• Serial Port Parameters: Set values for Baud Rate, Data Bits, Stop Bits, and Handshake method. Consult your radio’s user guide for the proper parameter values.

    • Force Control Lines: A few station setups require the CAT serial port’s RTS and/or DTR control lines to be forced high or low. Check these boxes only if you are sure they are needed (for example, to power the radio serial interface).

  • PTT Method: select VOX, CAT, DTR, or RTS as the desired method for T/R switching. If your choice is DTR or RTS, select the desired serial port (which may be the same one as used for CAT control).

  • Transmit Audio Source: some radios permit you to choose the connector that will accept Tx audio. If this choice is enabled, select Rear/Data or Front/Mic.

  • Mode: WSJT-X uses upper sideband mode for both transmitting and receiving. Select USB, or choose Data/Pkt if your radio offers such an option and uses it to enable the rear-panel audio line input. Some radios also offer wider and/or flatter passbands when set to Data/Pkt mode. Select None if you do not want WSJT-X to change the radio’s Mode setting.

  • Split Operation: Significant advantages result from using Split mode (separate VFOs for Rx and Tx) if your radio supports it. If it does not, WSJT-X can emulate such behavior. Either method will result in a cleaner transmitted signal, by keeping the Tx audio always in the range 1500 to 2000 Hz so that audio harmonics cannot pass through the Tx sideband filter. Select Rig to use the radio’s Split mode, or Fake It to have WSJT-X adjust the VFO frequency as needed, when T/R switching occurs. Choose None if you do not wish to use split operation.

When all required settings have been made, click Test CAT to test communication between WSJT-X and your radio. The button should turn green to indicate that proper communication has been established. Failure of the CAT-control test turns the button red and displays an error message. After a successful CAT test, toggle the Test PTT button to confirm that your selected method of T/R control is working properly. (If you selected VOX for PTT Method, you can test T/R switching later by using the Tune button on the main window.)

4.3. Audio

WSJT-X Audio Configuration Screen

Select the Audio tab to configure your sound system.

  • Soundcard: Select the audio devices to be used for Input and Output. Usually the Mono settings will suffice, but in special cases you can choose Left, Right, or Both stereo channels.

  • Be sure that your audio device is configured to sample at 48000 Hz, 16 bits.

If you select the audio output device that is also your computer’s default audio device, be sure to turn off all system sounds to prevent inadvertently transmitting them over the air.
Windows Vista and later may configure audio devices using the Texas Instruments PCM2900 series CODEC for microphone input rather line input. (This chip is used in many radios with built-in USB CODECs, as well as various other audio interfaces.) If you are using such a device, be sure to set the mic level in the Recording Device Properties to 0 dB.
  • Save Directory: WSJT-X can save its received audio sequences as .wav files. A default directory for these files is provided; you can select another location if desired.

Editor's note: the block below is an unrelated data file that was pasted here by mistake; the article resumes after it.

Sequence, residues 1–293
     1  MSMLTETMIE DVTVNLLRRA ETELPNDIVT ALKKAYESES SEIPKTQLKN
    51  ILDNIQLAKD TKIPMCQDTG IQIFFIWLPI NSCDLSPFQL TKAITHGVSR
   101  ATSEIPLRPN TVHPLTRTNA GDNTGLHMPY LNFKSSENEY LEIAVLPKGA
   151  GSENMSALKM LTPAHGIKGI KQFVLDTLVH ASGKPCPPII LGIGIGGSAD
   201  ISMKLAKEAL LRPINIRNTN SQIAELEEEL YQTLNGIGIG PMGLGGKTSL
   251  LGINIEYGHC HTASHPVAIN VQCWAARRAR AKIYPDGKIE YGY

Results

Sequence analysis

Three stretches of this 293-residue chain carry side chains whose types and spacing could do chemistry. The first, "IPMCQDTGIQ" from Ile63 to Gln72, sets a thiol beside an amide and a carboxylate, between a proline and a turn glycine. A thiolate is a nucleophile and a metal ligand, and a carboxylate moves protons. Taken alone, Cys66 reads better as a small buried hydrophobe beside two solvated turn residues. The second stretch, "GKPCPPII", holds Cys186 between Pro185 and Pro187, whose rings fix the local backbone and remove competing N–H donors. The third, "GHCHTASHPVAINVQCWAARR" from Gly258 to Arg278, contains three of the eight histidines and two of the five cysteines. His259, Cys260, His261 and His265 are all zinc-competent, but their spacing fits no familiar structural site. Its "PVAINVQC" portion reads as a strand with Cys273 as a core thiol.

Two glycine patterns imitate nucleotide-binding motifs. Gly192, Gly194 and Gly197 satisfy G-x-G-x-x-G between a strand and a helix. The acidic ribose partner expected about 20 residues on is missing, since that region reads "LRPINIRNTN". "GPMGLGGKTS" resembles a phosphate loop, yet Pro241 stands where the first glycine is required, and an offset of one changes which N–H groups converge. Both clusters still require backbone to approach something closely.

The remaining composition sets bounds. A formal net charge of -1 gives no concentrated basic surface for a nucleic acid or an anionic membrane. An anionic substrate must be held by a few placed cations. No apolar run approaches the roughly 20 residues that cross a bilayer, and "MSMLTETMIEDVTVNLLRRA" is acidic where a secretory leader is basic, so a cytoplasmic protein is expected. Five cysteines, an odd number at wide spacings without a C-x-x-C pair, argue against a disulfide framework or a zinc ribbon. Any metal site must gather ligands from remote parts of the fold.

• AzEl Directory: A file named azel.dat will appear in the specified directory. The file contains information usable by another program for automatic tracking of the Sun or Moon, as well as calculated Doppler shift for the specified EME path. The file is updated once per second whenever the Astronomical Data window is displayed.

  • Remember power settings by band: Checking either of these will cause WSJT-X to remember the Pwr slider setting for that operation on a band-by-band basis. For example, when Tune is checked here and you click the Tune on the main window, the power slider will change to the most recent setting used for Tune on the band in use.

4.4. Tx Macros

Tx Macros Screen

Tx Macros are an aid for sending brief, frequently used free-text messages such as the examples shown above.

  • To add a new message to the list, enter the desired text (up to 13 characters) in the entry field at top, then click Add.

  • To remove an unwanted message, click on the message and then on Delete.

  • You can reorder your macro messages by using drag-and-drop. The new order will be preserved when WSJT-X is restarted.

  • Messages can also be added from the main window’s Tx5 field on Tab 1 or the Free msg field on Tab 2. Simply hit [Enter] after the message has been entered.

4.5. Reporting

Reporting Screen
  • Logging: Choose any desired options from this group.

  • Network Services: Check Enable PSK Reporter Spotting to send reception reports to the PSK Reporter mapping facility.

  • UDP Server: This group of options controls the network name or address and port number used by a program that will receive status updates from WSJT-X. Cooperating applications like JTAlert use this feature to obtain information about a running WSJT-X instance.

4.6. Frequencies

Frequency Screen

Working Frequencies: By default the Working Frequencies table contains a list of frequencies conventionally used for modes JT4, JT9, JT65, MSK144, WSPR, and Echo. Conventions may change with time or by user preference; you can modify the frequency table as desired.

  • To change an existing entry, click to select it, type a desired frequency in MHz, and hit Enter on the keyboard. The program will format your frequency value appropriately and add a band designator.

  • To add a new entry, right-click anywhere on the frequency table and select Insert. Enter a frequency in MHz in the popup box and select the desired mode (or leave the Mode selection blank). Then click OK. The table may include more than one frequency for a given band.

  • To delete an entry, right-click it and select Delete.